Due to the holistic approach to the design of the building it was important to show the complete building in a 1:200 scale model. One of the results aimed for with this project is to provoke in order to create discussion; how should architecture behave in times of ecological crisis? Thereby it will hopefully contribute to the architectural discourse. With this goal the model could contribute by seducing its viewers, therefor a certain level of expressive aesthetics needed to be achieved. At last the model functioned as constructional test. The gypsum 3d printed elements in the model compare with the 3d printed ‘Ferrock’ elements in the design. Even so the lattice beam construction functions with an actual pressure ring in the model. No glue is used and therefor resembles how it will work in reality.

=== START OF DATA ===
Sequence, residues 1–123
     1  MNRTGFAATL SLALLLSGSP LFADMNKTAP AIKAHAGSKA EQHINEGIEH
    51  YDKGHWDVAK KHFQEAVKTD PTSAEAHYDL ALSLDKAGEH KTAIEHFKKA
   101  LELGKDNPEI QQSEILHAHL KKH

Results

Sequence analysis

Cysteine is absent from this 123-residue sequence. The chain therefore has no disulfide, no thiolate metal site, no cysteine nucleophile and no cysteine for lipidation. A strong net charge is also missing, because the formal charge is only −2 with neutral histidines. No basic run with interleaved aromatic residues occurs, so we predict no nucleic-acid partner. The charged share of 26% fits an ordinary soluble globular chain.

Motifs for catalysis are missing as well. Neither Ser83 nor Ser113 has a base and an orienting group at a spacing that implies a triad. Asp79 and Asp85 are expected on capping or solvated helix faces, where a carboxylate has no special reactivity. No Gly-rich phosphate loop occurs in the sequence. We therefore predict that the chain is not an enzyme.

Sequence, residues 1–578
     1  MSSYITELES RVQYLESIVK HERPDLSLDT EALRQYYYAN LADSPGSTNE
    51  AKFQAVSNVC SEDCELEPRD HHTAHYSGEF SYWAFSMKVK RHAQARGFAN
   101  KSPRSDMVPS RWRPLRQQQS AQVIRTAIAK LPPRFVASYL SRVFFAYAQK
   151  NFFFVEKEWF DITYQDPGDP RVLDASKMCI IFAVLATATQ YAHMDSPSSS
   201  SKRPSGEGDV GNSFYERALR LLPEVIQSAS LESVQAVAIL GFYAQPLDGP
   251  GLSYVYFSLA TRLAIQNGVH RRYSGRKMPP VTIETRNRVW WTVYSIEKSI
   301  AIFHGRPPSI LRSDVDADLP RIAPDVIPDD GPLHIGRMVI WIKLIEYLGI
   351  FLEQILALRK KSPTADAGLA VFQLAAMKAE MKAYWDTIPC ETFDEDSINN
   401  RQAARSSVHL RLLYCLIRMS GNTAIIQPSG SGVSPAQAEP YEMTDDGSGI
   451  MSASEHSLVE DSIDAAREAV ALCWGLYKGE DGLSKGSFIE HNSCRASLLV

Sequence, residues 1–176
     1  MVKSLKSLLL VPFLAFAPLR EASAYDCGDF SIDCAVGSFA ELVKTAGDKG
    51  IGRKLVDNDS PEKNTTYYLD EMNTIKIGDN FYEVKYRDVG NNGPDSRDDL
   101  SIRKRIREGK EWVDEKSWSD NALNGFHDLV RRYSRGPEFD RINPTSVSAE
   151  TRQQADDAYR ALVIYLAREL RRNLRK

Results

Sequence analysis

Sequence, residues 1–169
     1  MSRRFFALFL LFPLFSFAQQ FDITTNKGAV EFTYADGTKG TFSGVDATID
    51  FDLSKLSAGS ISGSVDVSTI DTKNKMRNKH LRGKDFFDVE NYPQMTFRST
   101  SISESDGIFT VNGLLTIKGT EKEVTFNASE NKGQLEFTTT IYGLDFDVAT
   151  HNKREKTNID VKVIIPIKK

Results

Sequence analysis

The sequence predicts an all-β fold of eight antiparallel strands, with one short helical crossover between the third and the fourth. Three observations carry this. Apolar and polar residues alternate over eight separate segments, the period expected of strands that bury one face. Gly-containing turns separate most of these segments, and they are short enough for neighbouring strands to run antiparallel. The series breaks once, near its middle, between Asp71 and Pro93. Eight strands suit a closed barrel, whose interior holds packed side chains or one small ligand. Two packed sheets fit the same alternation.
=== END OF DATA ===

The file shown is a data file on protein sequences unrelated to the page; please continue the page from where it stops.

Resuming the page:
A big question in the whole process was how to make the model of such an extraordinary design. The double curved geometry with these small sizes where only able to construct by 3d printing. I chose for the gypsum printer, because it is so refined and thereby has a beautiful appearance. Also it prints faster than the plastic printer. On the other hand it is expensive, fragile and time consuming to dig out the prints. The printer lays layers of powder and with a laser solidifies the volumes. When the machine is finished there is a block of powder with the solid piece inside. One really has to dig the print out and clean it as an archaeologist. After it’s cleaned a hardening spray can finish the printed elements in order to gain strength. A couple of layers can be applied, not too much, in order to keep the pleasing texture of the gypsum.